Why were partisan lines drawn over Greengate?

Why were partisan lines drawn over Greengate?

Is the aim to muddy the pitch?

For those who agreed with Mike’s initial assessment of Greengate, the Labour Party’s response must have seemed a little strange. The ‘points of order’ from the Labour benches following the Speaker’s statement on Wednesday seemed determined to draw partisan distinctions between those who supported the operational independence of the police and the neutrality of the civil service, and those who clearly (in their view)* cared only to assert the rights of Parliament and get an MP off the hook. John Reid, Dennis MacShane, and Andrew MacKinley all played variations on this theme, after the gun had been fired by Lord Mandelson on the Today programme that morning.

So why, if this crisis is at-best embarrassing to Labour, would they perpetuate the conflict, and (not least by insisting that 4 of the 7 members of the Speaker’s panel be from the Government) fire partisan shots across the chamber? In keeping with the slanted whimsy and caprice I have been afforded the last two Saturday mornings, let’s imagine this as a game of Rugby Union, between the Notting Hill Gentlemens’ Club (many of them wearing their Oxbridge Blues) and the Primrose Hill Working Mens’ Club (with a couple of ringers – the new man at Number 11 went to Loretto, and the vice-Captain is ex-St Paul’s Girls’ Schools 1st XV) in Red.

The Reds have been in trouble since the retirement of their veterans, including star playmaker Blair, who has since decided to cash in on after-dinner speaking. Their doughty former full-back Brown has been less reliable than expected since moving up to Number 10 (fly half), and his erratic (re)distribution has been far from prudent on many occasions. His team have seemed tired and sluggish, just as the new captain of the Blues dictated an attractive, crowd-pleasing running-game, vastly improving his team’s previously-abysmal reputation for recycling possession(s). Energised, slick and deft of foot, even their Jerseys sparkled like the motor-powered aluminium windmills that adorned their clubhouse. Their huge territorial gains looked completely irresistable only a short time ago.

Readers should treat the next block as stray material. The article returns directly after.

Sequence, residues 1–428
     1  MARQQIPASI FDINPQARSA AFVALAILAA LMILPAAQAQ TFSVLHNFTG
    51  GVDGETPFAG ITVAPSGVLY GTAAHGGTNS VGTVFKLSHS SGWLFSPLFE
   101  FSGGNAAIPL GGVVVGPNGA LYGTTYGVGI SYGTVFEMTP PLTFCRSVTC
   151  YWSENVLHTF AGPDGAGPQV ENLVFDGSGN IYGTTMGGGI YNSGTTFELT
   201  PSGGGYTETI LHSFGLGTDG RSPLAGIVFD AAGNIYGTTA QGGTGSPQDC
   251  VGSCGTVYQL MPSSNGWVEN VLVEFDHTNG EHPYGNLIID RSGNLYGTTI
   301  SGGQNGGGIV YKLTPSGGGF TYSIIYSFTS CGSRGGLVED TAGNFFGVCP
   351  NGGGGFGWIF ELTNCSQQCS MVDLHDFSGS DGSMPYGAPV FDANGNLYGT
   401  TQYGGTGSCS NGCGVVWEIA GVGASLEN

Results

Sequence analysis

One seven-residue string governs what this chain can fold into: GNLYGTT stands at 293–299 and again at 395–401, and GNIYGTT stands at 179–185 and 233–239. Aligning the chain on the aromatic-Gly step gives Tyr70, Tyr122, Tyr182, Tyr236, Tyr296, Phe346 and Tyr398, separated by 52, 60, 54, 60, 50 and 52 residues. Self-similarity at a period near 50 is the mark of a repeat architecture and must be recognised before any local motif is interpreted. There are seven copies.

However, Brown’s decision to bring back Mandelson from the a managerial job in Belgium has proven inspired, and the former Captain of Forwards-not-Backs immediately introduced himself to the fray by landing (out of sight of the officials, but not the crowd) a splendid left-hook on Osborne, who is supposed to be shadowing Labour’s man at Number 11. The ensuing handbags-at-dawn energised the Reds as only fisticuffs can, and blemished the hitherto squeaky-clean reputation of the Blues.

Being as violent as any legal activity is allowed to be since the prohibition of fox-hunting, it’s not been surprising that serious professional injuries are common in this sport. In the absence of decent video footage, we must accept that Labour might not have explicitly summoned the medical officials to make an unauthorised intrusion onto the pitch, ostensibly to tend to the bloodied carcass of the Home Office’s reputation. There can, however, be no doubt that the overzealous manner of their arrival (a stretcher, a rescue helicopter, and a team of Urologists) impeded an enterprising attack on Immigration down the Right Flank by Damien Green. The Conservatives were left howling their derision in vain at the hapless referee, and his inept lineswoman, but to no avail. Such has been the chaos and confusion, that everyday drama was lost on many of us. Indeed, few noticed when a stray hack from the Rugby Club newsletter overheard the captain of the ballboys bemoaning the personal attributes of his crew who have largely outperformed him since he took over. It remains to be seen whether the medical officer in charge will be given the job of Physiotherapist in Chief for the National side after such a high-profile fiasco.